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WWS -1 Salamandra WW II glider in Croatian service

by Mario Glozinic



Ground crew preparing Salamandra for flight NOTE THE NATIONAL INSIGNIA ON LOWER SIDE of RIGHT WING

In March 1941, the Yugoslav Government signed a treaty which enabled Yugoslavia access to Axis Bloc countries. On 27th March, following mass demonstrations against this treaty, the military overthrew the government. The Axis struck on April 6th,1941,with a devastating air raid on Yugoslav capital, Belgrade. At the same time, the German, Italian, Hungarian, Rumanian and Bulgarian armies crossed the border, crushing the ill-prepared Yugoslav army.

Once the country was conquered, they split the former Yugoslav territory between them. To facilitate control of the occupied territories, Germany formed the so-called Independent State of Croatia, or Nezavisna Drzava Hrvatska ( NDH ) in original.
Formed on territory with predominantly Croatian population, the new state quickly formed its own Air Force, called Zrakoplovstvo. The range of aircraft types which served in it was really fantastic - more than 60 different types went trough the hands of Croatian pilots.

About Salamandra

The WWS-1 Salamandra was originally Polish design. Until now, it’s not clear where they came from to Croatia. There are two possibilities – they may be captured ex-Yugoslav gliders, bought direct from Poland, or supplied by Germans after occupation of Poland. However, totally some 20 of them served in Croatian air force,
most of them in Sveta Nedjelja Air school. They’re used for primary gliding lessons, towing by plane, or winch. They were so simple, that even instrument panel was omitted. Interior was spartan - the stick, the seat and rudder pedals. Construction was wood, with fabric cover. Leading edge of wings, and stabilzators were planked wood . The whole construction was strengthened with steel wires.


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Landing on Sveta Nedjelja airfield,  Summer  1942

Learning’ to fly in snowy conditions – Winter ‘41/42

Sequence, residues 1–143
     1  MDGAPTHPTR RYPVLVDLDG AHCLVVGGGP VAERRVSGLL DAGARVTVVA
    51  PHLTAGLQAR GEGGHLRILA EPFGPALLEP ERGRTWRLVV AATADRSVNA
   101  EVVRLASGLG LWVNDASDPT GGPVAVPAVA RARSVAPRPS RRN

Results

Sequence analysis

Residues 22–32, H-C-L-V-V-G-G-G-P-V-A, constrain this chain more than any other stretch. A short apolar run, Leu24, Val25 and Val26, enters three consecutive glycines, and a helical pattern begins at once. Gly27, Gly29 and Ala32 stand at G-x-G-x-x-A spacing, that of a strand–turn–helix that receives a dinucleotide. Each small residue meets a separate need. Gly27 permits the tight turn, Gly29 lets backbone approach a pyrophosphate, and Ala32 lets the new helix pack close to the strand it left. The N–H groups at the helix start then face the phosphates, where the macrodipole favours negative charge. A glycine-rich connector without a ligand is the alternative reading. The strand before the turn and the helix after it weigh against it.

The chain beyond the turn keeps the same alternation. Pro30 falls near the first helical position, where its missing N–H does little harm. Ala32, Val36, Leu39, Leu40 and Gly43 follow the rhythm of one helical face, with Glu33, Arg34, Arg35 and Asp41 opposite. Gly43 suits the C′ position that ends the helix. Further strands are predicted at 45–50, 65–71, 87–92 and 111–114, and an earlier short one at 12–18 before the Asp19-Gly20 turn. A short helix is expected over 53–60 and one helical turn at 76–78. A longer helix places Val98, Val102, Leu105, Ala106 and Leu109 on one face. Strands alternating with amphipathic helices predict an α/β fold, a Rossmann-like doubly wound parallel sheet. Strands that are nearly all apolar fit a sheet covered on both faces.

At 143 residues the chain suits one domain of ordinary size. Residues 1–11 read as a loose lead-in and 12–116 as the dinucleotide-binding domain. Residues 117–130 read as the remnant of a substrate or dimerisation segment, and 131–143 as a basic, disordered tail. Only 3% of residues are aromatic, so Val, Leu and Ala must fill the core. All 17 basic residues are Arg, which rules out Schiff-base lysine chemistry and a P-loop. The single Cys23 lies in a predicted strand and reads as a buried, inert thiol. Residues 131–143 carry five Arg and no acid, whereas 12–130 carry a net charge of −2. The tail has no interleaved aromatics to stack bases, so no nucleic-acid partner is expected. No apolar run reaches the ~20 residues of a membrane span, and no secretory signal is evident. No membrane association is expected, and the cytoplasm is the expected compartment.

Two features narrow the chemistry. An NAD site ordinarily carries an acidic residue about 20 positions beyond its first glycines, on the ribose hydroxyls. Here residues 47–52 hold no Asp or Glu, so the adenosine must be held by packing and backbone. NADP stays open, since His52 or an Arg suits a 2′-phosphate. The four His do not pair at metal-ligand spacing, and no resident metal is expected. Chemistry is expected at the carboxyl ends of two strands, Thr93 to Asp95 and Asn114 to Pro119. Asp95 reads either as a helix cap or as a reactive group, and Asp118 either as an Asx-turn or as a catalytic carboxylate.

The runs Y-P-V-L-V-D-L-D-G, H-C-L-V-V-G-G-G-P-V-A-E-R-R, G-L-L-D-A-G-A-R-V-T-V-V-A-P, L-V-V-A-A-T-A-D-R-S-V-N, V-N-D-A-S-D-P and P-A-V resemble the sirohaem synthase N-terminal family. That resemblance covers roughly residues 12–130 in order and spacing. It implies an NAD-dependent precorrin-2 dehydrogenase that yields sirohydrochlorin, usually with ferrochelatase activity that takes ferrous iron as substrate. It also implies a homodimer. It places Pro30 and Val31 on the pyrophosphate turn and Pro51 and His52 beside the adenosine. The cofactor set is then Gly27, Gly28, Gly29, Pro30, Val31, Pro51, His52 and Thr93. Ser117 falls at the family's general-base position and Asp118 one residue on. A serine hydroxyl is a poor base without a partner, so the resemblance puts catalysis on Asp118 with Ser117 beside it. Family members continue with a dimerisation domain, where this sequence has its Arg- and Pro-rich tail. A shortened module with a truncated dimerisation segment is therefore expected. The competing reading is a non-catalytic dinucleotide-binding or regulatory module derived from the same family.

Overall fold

Note that whole fuselage is painted red.

Towing plane (out of this picture) has skis instead wheels.

The model

I’ve found the plans of this little glider, and decided to scratch built it. First, I photocopied plans to proper scale - the Salamandra is a tiny model, only 7 cm long, with 14 cm wingspan. I started with horizontal stabilizers I cut them from plastic telephone card, but any sheet styrene 0.9 mm thick will be good. Then I cut the elevators off. There are used later as jig for trailing edge bended from 0.4 mm diameter copper wire.
When stabilizers are sanded to shape, trailing edge was glued with cianoacrylate to them. Ribs are made from 0.5 cm thick styrene sheet, glued between stabilizers and elevator trailing edge, then sanded to shape, too.
The same procedure was used to build vertical fin and rudder.
Since the leading edge of wings is cowered with plywood, I used thicker ( 2.8 mm ) styrene sheet to form it. Construction is similar to one used on fins, only here was necessary to add second spar, on which ailerons are hinged.
I first built fuselage frame, then cower it with 0.5 mm thick styrene and then added lower fuselage bar.
I used only three colors on this model - Scarlet red ( FS 31302 ), Fabric ( FS 33729) and Dark Gray for tension wires ( any dark gray is OK ).
After the subassemblies was painted, finally started assembly. I first super glued vertical fin and rudder to lower fuselage bar, then wings to fuselage. When this was set, I glued upper fuselage bar to upper side of wings with one end, and to vertical fin on another. After gluing the horizontal fin subassembly, the major part was done.
After all has set, I added wing’s and stabilizer’s struts, skid, and thru cockpit opening seat, seatbelts, rudder pedals, control stick and headrest, all of them painted before gluing to model. Finally, tension wires are added made from stretched sprue, and paint before gluing, too.


I didn’t count how much time I spent on building this beauty, but believe me, every minute was fun. Cutting and assembling all those ribs may seam tricky, but, with a lot of time included, patience is all you need. The three view plans are available by author.


All b/w photos are provided courtesy by
Mr. Danijel Frka, Croatia
Photo of finished model 
Mr. Nenad Setina,Croatia

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